A ‘Soggy Bottom’ Is Cause for Glee in the Valley

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San Fernando’s own Paul Thomas Anderson is filming around the Valley for his forthcoming film, and it’s a groovy ’70s throwback.

A few weeks ago, lucky Valley residents were notified that Oscar-winning director Paul Thomas Anderson was returning to his old stomping grounds to begin filming a new movie.

A letter to neighbors from the production team of “Soggy Bottom.” Photo courtesy of Jeff Koga.

When he’s not making quirky music videos for Haim, Radiohead and Fiona Apple, Anderson is busy wowing audiences with films that are typically set near his hometown.

Born in Studio City, PTA attended high school in Van Nuys before heading east for college. When he returned to L.A., he worked as a production assistant and soon began writing and directing his own films. “Hard Eight,” starring John C. Reilly, Gwyneth Paltrow and Samuel L. Jackson, was his feature directorial debut, which was soon followed by “Boogie Nights” starring the Valley (and Marky Mark).

The success of that film opened the doors for Anderson to make any damn thing his heart desired — and he went for it, reeling off a variety of weird and dark creative endeavors including “Magnolia,” “Punch Drunk Love,” “The Master” and “There Will Be Blood.” All of which he also wrote.

“I drink your milkshake,” is PTA AF.

The Chatsworth Tire covering is being used to hide a used car dealership sign being used for the “Soggy Bottom” film. Photo courtesy of Jeff Koga.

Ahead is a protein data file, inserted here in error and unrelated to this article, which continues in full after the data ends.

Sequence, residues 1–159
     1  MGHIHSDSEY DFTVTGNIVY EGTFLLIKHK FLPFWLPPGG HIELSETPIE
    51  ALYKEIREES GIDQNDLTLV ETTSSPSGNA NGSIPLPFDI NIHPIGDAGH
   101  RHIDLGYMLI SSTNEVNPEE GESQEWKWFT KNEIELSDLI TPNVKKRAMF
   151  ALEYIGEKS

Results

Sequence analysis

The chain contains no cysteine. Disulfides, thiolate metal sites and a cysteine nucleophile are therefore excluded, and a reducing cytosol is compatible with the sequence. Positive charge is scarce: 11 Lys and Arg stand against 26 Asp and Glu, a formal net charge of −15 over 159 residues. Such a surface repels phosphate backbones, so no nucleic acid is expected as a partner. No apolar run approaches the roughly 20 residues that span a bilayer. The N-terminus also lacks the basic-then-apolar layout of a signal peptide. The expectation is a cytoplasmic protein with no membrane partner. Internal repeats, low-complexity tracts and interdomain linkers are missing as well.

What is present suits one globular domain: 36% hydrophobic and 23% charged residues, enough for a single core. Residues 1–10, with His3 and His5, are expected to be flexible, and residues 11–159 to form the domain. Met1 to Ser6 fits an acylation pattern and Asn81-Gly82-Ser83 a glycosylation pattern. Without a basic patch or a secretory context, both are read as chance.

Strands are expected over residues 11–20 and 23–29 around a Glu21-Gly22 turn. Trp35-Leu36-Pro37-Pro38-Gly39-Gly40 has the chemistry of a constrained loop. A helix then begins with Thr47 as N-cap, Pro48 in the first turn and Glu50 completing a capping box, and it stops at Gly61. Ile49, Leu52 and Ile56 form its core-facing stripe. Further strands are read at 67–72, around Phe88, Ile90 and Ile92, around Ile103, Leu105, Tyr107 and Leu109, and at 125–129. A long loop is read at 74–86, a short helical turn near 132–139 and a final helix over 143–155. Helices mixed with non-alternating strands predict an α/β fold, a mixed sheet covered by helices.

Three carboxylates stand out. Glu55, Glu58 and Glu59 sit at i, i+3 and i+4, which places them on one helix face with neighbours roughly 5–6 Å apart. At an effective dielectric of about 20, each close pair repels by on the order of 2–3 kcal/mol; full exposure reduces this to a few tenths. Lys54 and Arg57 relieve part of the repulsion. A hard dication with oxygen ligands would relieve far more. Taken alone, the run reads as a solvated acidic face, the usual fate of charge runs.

So when Valley residents found out that their favorite son was back behind the camera and soon to be shooting in their neighborhoods, odds are the letter from the location managers was met with smiles and good feelings. Surely whatever this “Soggy Bottom” was would turn out to be pretty good.

According to IMDb, “Soggy Bottom” is set in 1970s San Fernando Valley and follows a high school student who is also a successful child actor.

Judging from the photos provided by longtime photographer Jeff Koga, that ’70s vibe is alive and well in the sets popping up around Chatsworth.

Rathbuns rises again. Photo courtesy of Jeff Koga.

Rathbuns was a bustling department store in L.A. with a long history.

A commenter on the Museum of the San Fernando Valley’s website who identified herself as the granddaughter of Ted and Pat Rathbun said it was sold to Nahas Department Stores in 1972 when they were senior citizens. Unfortunately, Nahas didn’t last long, as malls began to rise.

“My great grandfather, Hall Rathbun, started the store on Pico Blvd. (near where the Staples Center is today) in the early 20th century and moved it to North Hollywood around 1914,” she wrote. “Interesting facts: Amelia Earhart bought her clothes and shoes there. Raquel Welch worked with her mom on the switchboard for a while.”

A screenshot of an Instagram post by Julia Bloop.

Instagram user Julia Bloop shot some video of filming taking place in Valley Village. Note the vintage cars in the background.

The film is said to star Cooper Hoffman, son of Philip Seymour Hoffman (who appeared in several of Anderson’s films before his untimely death), Bradley Cooper and musician Alana Haim.

A vintage ad for Pup ‘n’ Taco on a bus bench. Photo courtesy of Jeff Koga.
The Valley Women’s Club. Photo courtesy of Jeff Koga.
A peek through the window of a camera store. Photo courtesy of Jeff Koga.

Not since Quentin Tarantino transformed a stretch of Hollywood Boulevard for “Once Upon a Time…in Hollywood” have Angelenos seemed so excited to see filming return to their neighborhoods.

Los Angeleno